The Importance of Transparency in Dealmaking 

franchise broker

Now More Than Ever, Accurate Communication is Essential in Multi-Unit Franchise Deals

After two years under the pandemic’s hold, what were slowly returning to “predictable” valuations of multi-unit franchise deals, were shaken again by factors causing much uncertainty in the realm of multi-unit franchise dealmaking. 

The fuel behind the current dealmaking slowdown lies in global economic constraints; supply chain issues, the war in Ukraine, recent legislation and inflation, coupled with rising interest rates. They are all driving the downturn in multi-unit acquisitions. As a result, some multi-unit franchisees have slowed their plans for growth, while others have money on hand, are eager to increase their acquisitions, and are searching for suitable offers. Finally, some are unsure about their course of action, sell portions of their business, hold off on acquisitions, and/or solely focus on their current footprint. 

Here are a few ways that buyers and sellers of large franchise deals are impacted by these worldly disruptions, and a few strategies that we advise they take to lessen the widening gap in franchise deals. 

Impacts on Buyers and Sellers 

Rising interest rates are where dealmaking is taking the biggest hit. Buyers and sellers of large, multi-unit franchise acquisitions aren’t strangers to compromise; a predictable market usually would call on both parties to slightly adjust their monetary expectations for the deal. Today, buyers and sellers are finding current economic conditions inconducive to compromise, resulting in many deals failing to close.

With high inflation and rising interest rates dominating the news cycle, the sword cuts both ways as buyers and sellers try to respond. Suddenly, sellers are finding that multi-unit deals are worth less than they’re expecting, and with loans becoming more expensive to secure, buyers are forced to stretch what they pay or risk losing the opportunity.

The inflation caused by supply chain disruptions during the pandemic and exacerbated by global conflict has proven to be momentous. The 7.5% annual Consumer Price Index was expected to fall during the year, but instead rose to 9.1% by June. As a result, most businesses are experiencing margin erosion and reduced profits.  

There are forward indicators that some relief is coming, like the gradual decrease we’ve seen in gas prices, but a full return to a steady and stabilized market will not, and cannot, happen without improving the level of transparency during negotiation.  

Transparency in Dealmaking 

What were once promising negotiations between buyer and seller are now drawn out, frustrating processes that result in large discrepancies between what the seller is asking and what the buyer is prepared to offer. With this divide in dealmaking widening, buyers and sellers are beginning to fear that this chasm may soon grow too large to overcome. 

My advice? Transparency. 

Now more than ever, transparency is a requirement in order to close a deal. Frequent and accurate communication in regard to financial reporting, revenue challenges, renovations, upgrades and other investments is the path that sellers must take to overcome economic hindrances to dealmaking.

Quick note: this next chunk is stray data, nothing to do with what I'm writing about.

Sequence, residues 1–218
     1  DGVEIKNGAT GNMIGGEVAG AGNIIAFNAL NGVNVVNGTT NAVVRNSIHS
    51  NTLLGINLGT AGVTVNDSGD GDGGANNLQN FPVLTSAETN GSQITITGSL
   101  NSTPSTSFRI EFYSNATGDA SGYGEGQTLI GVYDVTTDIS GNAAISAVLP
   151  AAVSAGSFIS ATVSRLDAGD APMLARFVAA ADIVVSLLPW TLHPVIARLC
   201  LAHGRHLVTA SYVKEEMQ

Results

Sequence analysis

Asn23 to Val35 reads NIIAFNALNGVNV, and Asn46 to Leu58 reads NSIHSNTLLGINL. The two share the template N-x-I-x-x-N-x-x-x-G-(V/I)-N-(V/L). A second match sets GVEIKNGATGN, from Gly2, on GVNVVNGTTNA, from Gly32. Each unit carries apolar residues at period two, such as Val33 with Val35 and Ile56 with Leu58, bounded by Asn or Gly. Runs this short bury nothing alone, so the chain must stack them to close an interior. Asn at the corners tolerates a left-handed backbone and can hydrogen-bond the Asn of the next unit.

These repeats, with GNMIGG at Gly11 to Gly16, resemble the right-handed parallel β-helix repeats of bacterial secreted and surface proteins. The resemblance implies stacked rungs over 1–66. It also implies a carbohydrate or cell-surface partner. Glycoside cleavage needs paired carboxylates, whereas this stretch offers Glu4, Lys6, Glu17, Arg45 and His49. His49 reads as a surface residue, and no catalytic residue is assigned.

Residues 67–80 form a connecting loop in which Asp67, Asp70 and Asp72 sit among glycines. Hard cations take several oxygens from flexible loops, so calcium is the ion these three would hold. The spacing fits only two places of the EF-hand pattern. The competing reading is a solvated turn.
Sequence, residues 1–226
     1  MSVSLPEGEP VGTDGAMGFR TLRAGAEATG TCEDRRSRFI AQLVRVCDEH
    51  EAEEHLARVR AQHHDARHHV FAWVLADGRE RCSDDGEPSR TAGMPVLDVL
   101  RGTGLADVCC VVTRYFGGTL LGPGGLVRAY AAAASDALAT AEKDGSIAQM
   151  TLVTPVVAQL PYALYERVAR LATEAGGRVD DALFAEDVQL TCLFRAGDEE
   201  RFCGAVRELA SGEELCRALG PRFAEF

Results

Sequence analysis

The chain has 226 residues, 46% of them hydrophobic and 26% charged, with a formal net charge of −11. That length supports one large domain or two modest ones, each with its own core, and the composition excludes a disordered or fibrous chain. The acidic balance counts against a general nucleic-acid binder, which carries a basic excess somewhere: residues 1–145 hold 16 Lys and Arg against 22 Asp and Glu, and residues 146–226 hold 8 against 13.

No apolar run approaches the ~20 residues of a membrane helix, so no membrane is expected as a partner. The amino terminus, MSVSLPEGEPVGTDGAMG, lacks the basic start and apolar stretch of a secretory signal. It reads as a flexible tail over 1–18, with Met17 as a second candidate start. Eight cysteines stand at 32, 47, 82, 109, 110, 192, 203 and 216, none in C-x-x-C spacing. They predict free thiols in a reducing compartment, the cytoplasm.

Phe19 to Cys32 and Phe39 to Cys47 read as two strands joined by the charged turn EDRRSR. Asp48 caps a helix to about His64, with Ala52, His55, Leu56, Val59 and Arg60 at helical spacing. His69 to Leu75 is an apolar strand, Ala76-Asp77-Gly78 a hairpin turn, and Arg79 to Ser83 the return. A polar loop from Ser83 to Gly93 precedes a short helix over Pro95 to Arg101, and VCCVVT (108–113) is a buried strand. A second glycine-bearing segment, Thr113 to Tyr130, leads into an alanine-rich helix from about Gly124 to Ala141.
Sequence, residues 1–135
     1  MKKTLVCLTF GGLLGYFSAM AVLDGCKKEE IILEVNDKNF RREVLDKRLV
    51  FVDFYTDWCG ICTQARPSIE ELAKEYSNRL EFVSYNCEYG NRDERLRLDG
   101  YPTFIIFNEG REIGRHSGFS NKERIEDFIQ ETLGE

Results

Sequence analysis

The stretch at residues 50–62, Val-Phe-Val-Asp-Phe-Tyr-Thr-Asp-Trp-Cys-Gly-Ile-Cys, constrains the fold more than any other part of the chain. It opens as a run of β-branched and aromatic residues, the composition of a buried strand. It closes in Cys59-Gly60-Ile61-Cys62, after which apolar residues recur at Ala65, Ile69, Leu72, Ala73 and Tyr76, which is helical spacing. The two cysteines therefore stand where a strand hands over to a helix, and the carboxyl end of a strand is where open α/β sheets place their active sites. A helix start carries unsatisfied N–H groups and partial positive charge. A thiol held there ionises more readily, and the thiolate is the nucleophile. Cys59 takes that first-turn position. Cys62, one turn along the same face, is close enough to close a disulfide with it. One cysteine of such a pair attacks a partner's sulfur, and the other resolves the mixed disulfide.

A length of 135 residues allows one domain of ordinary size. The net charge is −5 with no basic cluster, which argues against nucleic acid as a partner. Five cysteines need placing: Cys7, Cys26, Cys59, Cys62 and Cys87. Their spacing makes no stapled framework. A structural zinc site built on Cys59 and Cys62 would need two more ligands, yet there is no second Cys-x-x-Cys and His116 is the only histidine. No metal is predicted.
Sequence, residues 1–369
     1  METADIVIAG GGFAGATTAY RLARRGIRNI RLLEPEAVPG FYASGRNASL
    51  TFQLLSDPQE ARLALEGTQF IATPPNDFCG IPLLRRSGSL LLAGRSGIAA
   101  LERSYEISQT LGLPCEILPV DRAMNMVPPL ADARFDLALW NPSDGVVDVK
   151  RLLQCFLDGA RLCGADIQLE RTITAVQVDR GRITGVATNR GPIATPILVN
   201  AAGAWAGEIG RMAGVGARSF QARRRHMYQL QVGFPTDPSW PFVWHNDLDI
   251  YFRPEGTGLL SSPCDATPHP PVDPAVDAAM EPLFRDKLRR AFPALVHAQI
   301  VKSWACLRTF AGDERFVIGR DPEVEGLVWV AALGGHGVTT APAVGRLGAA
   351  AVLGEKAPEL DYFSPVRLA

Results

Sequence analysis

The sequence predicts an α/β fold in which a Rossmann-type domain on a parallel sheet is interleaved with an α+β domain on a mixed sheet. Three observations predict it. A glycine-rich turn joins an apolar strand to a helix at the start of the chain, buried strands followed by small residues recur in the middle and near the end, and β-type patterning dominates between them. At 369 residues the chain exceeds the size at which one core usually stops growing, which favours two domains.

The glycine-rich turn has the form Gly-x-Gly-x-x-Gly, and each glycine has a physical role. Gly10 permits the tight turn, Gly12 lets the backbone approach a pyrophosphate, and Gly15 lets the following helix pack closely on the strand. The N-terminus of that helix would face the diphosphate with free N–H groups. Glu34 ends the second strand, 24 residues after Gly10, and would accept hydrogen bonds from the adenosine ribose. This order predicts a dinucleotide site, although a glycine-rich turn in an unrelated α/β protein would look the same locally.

Likewise, buyers must also be pragmatic with sellers. 

Impacts of California’s FAST Act

In California, a new bill has franchise owners worried about the franchise business model altogether. The California “FAST Act” poses an imminent threat to franchised and non-franchised restaurant businesses, restaurant workers, and consumers in the state. The FAST Act creates a Fast-Food Council, appointed by the state’s governor, that exercises complete authority over counter-service restaurants, with the ability to set regulations and rules concerning wages, training requirements, and health and safety standards without consulting the California Legislature. 

The Act applies to a business that has a single location in California so long as it has 100 or more locations nationally. Put simply, this means that franchisors face a strong disincentive to expand franchises in California or bring new franchise concepts to California – the very business model that employs nearly 750,000 workers in California. 

Many California franchisees see the FAST Act as an added threat to an already faltering market. With the central, fundamental aspect of franchising being business ownership, many California franchise owners have construed that the Act’s establishment of joint-liability between franchisee and franchisor will dismantle the franchise business model, and essentially reduce franchisees to General Managers of their business. 

What’s Next?

Amid unforeseen challenges, some buyers and sellers still manage to see deals through, indicating that multi-unit franchise deals are not entirely unfeasible. Responding to unexpected economic uncertainties is one of the biggest challenges in franchising today, but if sellers stay informed, and likewise, buyers remain realistic, multi-unit franchise deals can and will happen. 

Previous ArticleNext Article
Dan Connelly is a principal at C Squared Advisors, a leading investment bank and advisory firm that helps multi-unit franchisees in the restaurant and retail industries maximize the value of their businesses by presenting comprehensive solutions and executing complex transactions. With more than 100 years of collective experience, C Squared has helped sell, purchase, refranchise, and recapitalize more than 10,000 franchised locations. Services include mergers, acquisitions and divestitures, valuations, private financing and recapitalization, restructuring, and ongoing financial advisory services.
Send this to a friend